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1. Eat right. Eye health starts with your diet. You’ve likely heard that carrots are good for your eyes, but the Centers for Disease Control and Prevention (CDC) advises that these whole foods are supportive, too:

2. Get moving. The National Eye Institute reports that physical activity can lower your risk of conditions such as type 2 diabetes, hypertension, and high cholesterol, which can cause vision problems. Plus, a 2017 meta-analysis in the American Journal of Ophthalmology showed that even low to moderate exercise dramatically reduced the likelihood of developing age-related macular degeneration — which affects some 2 million Americans.

Additionally, a 2018 study of glaucoma sufferers found that taking an extra 5,000 steps a day could slow the rate of vision loss by 10 percent.

3. Wear your shades. The sun’s UV light can damage the protein in your eyes’ lens, leading to cataract formation. So, don your sunglasses, summer and winter, whether it’s sunny or cloudy. Look for shades with “100% UV” or “UV400” protection.

4. Hydrate. Your eyes produce fluid to keep the conjunctiva — the thin surface membrane — moist, and to prevent irritation and inflammation. Tear production naturally diminishes as you age, so stay hydrated and use artificial tears if needed. Look for preservative-free eye drops, since chemicals such as benzalkonium chloride can cause irritation.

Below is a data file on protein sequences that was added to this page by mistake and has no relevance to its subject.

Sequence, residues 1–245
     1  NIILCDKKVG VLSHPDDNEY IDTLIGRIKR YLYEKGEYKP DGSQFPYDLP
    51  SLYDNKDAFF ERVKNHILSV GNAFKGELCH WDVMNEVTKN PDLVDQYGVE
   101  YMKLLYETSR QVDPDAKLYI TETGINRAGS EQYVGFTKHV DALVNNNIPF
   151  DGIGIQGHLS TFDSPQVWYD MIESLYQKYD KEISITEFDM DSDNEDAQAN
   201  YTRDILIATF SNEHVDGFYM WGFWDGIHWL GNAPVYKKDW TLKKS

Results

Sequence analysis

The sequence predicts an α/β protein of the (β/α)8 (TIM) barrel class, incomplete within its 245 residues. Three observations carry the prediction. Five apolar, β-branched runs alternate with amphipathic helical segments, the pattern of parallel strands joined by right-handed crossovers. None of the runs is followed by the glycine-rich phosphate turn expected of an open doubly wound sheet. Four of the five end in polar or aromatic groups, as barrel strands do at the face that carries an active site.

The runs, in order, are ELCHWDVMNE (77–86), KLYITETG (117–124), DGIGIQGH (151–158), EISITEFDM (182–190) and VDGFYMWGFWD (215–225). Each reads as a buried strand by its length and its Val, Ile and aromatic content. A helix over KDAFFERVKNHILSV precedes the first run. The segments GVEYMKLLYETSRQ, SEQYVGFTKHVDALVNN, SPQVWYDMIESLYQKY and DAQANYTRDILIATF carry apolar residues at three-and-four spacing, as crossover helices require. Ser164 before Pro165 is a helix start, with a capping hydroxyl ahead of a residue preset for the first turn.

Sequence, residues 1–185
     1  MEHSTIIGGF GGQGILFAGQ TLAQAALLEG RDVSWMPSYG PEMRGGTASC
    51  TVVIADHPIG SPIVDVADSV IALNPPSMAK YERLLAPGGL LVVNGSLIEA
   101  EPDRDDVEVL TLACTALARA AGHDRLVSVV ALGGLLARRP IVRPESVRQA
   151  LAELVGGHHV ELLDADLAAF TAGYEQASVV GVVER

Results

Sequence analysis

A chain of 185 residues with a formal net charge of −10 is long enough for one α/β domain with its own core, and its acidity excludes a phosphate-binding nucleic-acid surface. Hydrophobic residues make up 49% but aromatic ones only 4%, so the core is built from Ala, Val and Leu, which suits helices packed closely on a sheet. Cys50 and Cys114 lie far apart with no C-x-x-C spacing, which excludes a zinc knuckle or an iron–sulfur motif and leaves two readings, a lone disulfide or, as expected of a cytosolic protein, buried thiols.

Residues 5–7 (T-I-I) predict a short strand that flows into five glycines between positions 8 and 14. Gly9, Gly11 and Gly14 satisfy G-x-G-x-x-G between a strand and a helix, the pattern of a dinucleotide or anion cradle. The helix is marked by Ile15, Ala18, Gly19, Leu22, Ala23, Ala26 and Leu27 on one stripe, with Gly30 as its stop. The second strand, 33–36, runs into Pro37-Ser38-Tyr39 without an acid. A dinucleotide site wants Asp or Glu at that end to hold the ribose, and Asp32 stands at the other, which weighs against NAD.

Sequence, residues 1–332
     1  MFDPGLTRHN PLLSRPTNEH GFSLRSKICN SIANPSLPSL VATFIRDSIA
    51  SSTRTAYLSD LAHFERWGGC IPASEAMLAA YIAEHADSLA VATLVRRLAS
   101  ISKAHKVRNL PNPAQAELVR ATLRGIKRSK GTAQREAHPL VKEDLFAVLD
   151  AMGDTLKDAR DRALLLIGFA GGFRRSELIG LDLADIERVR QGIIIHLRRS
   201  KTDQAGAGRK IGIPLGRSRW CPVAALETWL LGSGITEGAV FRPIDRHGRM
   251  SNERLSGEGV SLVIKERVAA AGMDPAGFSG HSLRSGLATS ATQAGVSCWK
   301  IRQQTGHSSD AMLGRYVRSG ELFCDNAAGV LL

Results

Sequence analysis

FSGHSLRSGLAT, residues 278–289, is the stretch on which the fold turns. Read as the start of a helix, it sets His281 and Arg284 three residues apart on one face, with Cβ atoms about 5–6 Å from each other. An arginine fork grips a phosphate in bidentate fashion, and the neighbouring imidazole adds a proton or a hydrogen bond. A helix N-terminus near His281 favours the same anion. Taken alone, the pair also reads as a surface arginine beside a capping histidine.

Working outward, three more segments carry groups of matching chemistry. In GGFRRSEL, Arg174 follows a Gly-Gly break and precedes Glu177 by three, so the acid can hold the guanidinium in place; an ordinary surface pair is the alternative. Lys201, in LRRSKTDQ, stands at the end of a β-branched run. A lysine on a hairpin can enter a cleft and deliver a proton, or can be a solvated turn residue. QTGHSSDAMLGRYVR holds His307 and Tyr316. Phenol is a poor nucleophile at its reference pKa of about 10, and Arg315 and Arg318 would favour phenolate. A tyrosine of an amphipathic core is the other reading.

5. Protect your peepers. Every day, 2,000 U.S. workers suffer eye injuries requiring medical treatment, reports the National Institute for Occupational Safety and Health. Safety eyewear can prevent 90 percent of such injuries and reduce the severity when they occur, the CDC says.

6. Relieve computer eye­strain. Intensive screen use may tire your eyes: Some reports claim that digital devices expose your eyes to high-energy visible (HEV) blue light, which causes irritation and makes it more difficult to fall asleep at night; the American Academy of Ophthalmology (AAO) says it’s just digital eyestrain. Either way, consider these tips:

  • Invest in prescription computer glasses to slightly magnify the screen and ease eyestrain. You can also get photochromic yellow-tinted lenses to neutralize the blue light. The AAO, however, has questioned their effectiveness.
  • Every 20 minutes, gaze 20 feet in front of you for 20 seconds to reduce eyestrain.

7. Get an eye checkup. An esti­mated 93 million U.S. adults are at risk for vision loss, but only half of those at risk visited an eye doctor in the past year.

8. Review your family’s eye-health history. Many eye diseases and conditions are hereditary, so it’s worth learning whether family members or relatives have been diagnosed with one.

This article originally appeared as “Look Out for Your Eyes” in the October 2021 issue of Experience Life.

Michael Dregni

Michael Dregni is an Experience Life deputy editor.

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